Aberdeen Dock (Lamma Shipyard) during the Japanese occupation 1942-1945
Elizabeth Ride: Aberdeen Dock (Lamma Shipyard), Map ref 186503.
Extract from the BAAG Intelligence Summaries.
The Aberdeen Dock, known as the Lamma Shipyard, is controlled by the Kokoki Butei. No new construction work was undertaken by this yard in 1944. The principal work was the repair of wooden auxiliary vessels, 8/10 of which passed through the yard between January and November 1944. There are 700/800 Chinese employed here, and their hours of work are 0800-1300 hrs and 1320- 1800 hrs. All workmen, however, are required to work overtime up to 2000 hrs. It was reported in April 1944 that the dock had been enlarged by the addition of 14 new workshops. Power previously was supplied from the North Point Power Station, but since this was suspended in the latter part of 1944 the yard has used its own diesel engine for generating electricity. Shortage of wood and coal is reported. Up to December 1944 the dock had not been bombed by Allied aircraft.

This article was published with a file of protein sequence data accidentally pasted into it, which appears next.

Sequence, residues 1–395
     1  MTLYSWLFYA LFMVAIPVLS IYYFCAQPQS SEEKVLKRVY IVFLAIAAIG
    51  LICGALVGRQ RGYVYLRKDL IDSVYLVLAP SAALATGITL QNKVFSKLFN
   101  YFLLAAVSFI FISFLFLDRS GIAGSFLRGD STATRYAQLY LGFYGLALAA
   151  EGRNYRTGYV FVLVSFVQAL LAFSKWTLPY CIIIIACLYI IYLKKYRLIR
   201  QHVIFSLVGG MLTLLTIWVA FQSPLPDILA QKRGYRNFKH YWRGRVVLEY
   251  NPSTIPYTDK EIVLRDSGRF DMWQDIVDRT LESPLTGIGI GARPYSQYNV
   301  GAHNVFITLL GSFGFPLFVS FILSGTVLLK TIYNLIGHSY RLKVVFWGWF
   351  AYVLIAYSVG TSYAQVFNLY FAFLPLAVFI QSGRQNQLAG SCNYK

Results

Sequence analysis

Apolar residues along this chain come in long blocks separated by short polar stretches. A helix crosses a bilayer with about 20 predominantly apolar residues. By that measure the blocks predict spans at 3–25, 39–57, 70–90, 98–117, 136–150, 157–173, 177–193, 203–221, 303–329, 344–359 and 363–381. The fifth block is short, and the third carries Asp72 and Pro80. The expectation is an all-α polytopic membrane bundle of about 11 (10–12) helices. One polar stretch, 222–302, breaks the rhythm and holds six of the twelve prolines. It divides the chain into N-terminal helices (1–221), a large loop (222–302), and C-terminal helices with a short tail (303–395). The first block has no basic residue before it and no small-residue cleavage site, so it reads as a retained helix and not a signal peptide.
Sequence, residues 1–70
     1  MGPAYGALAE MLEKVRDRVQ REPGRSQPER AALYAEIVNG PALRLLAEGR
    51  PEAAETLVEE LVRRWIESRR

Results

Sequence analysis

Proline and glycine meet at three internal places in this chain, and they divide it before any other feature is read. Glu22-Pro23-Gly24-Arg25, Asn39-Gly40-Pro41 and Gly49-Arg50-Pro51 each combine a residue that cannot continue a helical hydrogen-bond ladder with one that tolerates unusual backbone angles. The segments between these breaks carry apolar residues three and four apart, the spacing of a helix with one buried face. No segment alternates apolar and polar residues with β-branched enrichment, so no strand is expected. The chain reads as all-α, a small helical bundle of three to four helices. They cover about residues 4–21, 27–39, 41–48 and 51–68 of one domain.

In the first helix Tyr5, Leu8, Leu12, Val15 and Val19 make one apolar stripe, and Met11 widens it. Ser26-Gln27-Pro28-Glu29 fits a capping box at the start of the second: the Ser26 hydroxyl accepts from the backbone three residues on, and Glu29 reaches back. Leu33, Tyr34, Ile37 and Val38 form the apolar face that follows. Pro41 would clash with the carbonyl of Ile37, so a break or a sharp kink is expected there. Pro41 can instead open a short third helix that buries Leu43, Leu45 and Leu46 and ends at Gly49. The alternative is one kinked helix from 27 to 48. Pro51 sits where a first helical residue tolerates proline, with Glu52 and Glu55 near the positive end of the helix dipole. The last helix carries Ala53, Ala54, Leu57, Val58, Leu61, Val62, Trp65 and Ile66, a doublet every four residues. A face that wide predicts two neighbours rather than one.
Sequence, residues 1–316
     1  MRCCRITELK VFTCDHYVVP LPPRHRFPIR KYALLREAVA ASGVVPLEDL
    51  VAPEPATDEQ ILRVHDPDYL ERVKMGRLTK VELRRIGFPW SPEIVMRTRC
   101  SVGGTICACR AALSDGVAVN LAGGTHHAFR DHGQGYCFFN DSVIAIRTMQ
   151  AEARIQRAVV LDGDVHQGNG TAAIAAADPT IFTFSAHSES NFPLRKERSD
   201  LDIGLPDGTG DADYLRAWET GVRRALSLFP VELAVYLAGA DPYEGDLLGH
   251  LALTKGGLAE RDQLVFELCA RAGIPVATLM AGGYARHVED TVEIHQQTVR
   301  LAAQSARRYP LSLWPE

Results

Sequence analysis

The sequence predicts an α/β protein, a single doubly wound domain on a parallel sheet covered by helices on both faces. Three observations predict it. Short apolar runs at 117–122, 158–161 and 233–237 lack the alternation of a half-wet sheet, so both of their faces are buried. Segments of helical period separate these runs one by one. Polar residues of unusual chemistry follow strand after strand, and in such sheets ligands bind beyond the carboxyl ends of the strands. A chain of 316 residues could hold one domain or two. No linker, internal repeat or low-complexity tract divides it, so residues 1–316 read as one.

Stephen Davies was curious about the apparent renaming of Aberdeen Dock during the Japanese occupation. Were the BAAG reports mistaken in using ‘Lamma’ Shipyard. And why Lamma? He asked Kwong Chi Man, Assistant Professor, Dept of History, HKBU.
Kwong Chi Man: Yes, the Aberdeen dock was renamed Lamma Shipyard 南丫造船所 by the Japanese navy (specifically the Fukuda Company under IJN control). I read it from the only memoir of a naval officer who ran these dockyards and official documents as well. It seems that the Japanese conceptualised the geography of HK in a very different way – they probably named it just because it was close to the Lamma channels and they wanted to get rid of any English names.
Stephen has sent this pre-WW2 image of Aberdeen Docks.
And this one also from the 1930s looking across the front of the Aberdeen Docks which can be seen at the bottom left. Stephen adds: both the seminary and the Ap Lei Chau reclamation concur.
This article was first posted on 15th April 2015
- For general information about the Elizabeth Ride collection, her father Sir Lindsay Ride, and the British Army Aid group during WW2 a very useful introduction is through http://gwulo.com/node/13968
- The BAAG papers are kept at the Hong Kong Heritage Project
The Index contains many articles incorporating BAAG reports from WW2. And about industry in HK during that time.